In the last part, we talked a little bit about the events of a recent hack and how we took actions to mitigate it and restore our content. This article is going to go more into the positives of the incident; specifically we’ll delve into what we learned and how we changed our actions.
Since the incident regular backups of our data has resumed. We initialized the backup services provided by our host that will backup data in 4 slots; We get a backup provided automatically every day and the last two weekly backups. We also get a manual backup slot to take a snapshot of the server at any given moment. While there is a cost associated with this; it is only $5 USD a month. The peace of mind the service provides in the event another catastrophic incident is priceless; Knowing that there is something sitting around that some recent copies of not only our data, but all of our configurations, applications, and scripts that are used everyday to provide teamspeak, up to date FAA charts, VATSIM data, US Airport delays, ACARS, and more are safe and secured is worth a lot more than $5.
In addition to the host initiated backups, we enabled other backup protocols. Twice a day snapshots of all of our databases are being output. We found some ways to improve how the dumps are taking place to minimize the impact on our normal operations. We are also getting backups of all of our web files on a daily basis. Each day we ship those backups almost 1,500 miles from MetroAir’s datacenter to a server that Lindle is running in Dallas, TX.
I’m happy to report that those backup have been running flawlessly for almost 2 weeks now. While both servers have seen a dramatic increase in bandwidth being used, they are still well under our hosts caps thanks to a recent upgrade earlier this year. This is just another example of keeping peace of mind just in case.
**The forum software that was running pre-hack was an older version. While in the past we had kept up with security updates, we recently stopped patching the forums when an update that was done stopped playing nicely with our forum theme. In hindsight, that was silly; like most things in life, appearance is usually not as important as what is underneath the surface. The hack was a great opportunity to upgrade to the newest version and put the issues of updating the look of the forums out of mind since the priority was restoring access. While we do have plans to update the theme associated with the forums, we aren’t rushing to get that project completed, especially since both of our graphics experts, Rob & Alex, are either on vacation or busy working on other important projects that have a higher priority.
Password & General Security Practices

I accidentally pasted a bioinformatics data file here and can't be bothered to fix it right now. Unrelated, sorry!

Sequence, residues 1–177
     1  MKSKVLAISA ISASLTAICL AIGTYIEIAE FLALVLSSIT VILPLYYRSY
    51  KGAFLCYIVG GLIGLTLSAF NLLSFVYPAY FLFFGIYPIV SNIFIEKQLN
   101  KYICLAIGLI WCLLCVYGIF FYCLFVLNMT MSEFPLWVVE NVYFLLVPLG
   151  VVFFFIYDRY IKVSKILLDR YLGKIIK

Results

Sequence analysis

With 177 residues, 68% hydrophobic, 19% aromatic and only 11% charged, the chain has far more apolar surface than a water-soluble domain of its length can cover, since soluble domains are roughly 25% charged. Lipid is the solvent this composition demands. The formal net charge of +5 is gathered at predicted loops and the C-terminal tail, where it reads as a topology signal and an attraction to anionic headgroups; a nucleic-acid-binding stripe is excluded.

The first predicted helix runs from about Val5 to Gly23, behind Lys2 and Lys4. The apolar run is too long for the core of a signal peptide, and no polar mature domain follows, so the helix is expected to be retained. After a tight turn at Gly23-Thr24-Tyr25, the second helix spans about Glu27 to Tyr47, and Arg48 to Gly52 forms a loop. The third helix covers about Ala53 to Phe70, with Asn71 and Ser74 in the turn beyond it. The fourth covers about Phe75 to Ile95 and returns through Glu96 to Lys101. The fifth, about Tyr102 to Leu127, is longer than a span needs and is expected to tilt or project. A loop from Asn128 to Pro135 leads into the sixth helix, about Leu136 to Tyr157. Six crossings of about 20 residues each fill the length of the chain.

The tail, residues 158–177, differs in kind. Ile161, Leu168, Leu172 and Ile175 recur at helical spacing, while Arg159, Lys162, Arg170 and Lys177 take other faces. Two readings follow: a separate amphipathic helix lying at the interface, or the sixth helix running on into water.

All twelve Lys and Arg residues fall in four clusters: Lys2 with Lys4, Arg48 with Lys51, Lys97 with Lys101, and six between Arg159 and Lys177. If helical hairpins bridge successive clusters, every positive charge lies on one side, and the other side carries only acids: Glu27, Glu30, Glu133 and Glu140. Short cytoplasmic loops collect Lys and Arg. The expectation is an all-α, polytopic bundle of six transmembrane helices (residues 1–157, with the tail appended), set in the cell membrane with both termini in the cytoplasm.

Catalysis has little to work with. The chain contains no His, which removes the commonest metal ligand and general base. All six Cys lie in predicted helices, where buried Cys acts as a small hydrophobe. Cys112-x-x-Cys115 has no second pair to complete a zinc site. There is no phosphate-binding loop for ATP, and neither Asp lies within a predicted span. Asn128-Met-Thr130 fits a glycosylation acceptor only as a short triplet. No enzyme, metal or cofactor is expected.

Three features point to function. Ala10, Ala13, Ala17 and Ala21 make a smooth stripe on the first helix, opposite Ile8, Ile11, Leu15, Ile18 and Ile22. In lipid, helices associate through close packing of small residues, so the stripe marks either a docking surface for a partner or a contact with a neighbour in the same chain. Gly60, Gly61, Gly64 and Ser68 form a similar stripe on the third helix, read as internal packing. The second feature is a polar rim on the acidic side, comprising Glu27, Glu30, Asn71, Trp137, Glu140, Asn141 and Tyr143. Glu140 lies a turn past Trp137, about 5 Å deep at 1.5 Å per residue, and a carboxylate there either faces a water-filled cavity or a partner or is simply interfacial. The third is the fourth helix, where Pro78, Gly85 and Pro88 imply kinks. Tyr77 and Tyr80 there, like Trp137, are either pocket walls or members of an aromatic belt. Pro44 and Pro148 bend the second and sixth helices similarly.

**The importance of general security practices came rumbling into our views. An informal poll of our execs who have unlimited access to our forums which can cause debilitating effects in the wrongs hands showed no one had updated their passwords in more than 2 years; for some of us it was even longer since they were hired on as staff members. We all hear that we should update our passwords often but rarely do unless forced to. Because of the hacking incident, all of the staff members changed their passwords before going back online. We are also looking into policies of requiring executives to reset their passwords for all MetroAir systems on a recurring basis.
We also expired passwords for all pilots to ensure that the hackers weren’t able to impersonate any of our pilots. If you still haven’t restored your access to the forums or are having issues because your forum email account is no longer active, you should contact staff.
We also cleaned up a number of accounts on the forums that were never activated by pilots or which were dormant for a while. Removing unused accounts is a good security practice since for each account removed is one less method of unauthorized entry. That is also a good reminder for everyone that your forum account and pilot account should be using the same email address. If they differ your forum account may be purged by the system. This has always been policy but was not always enforced. That is going to be more important going forward. It is the pilot’s responsibility to maintain their contact information in both systems.
In summary, we’re feeling more confident about what we are doing now. While it was a painful few days of dealing with the attack, we were grateful for the not-so-subtle reminder that we were not impervious to an attack and to step up our security policies and practices.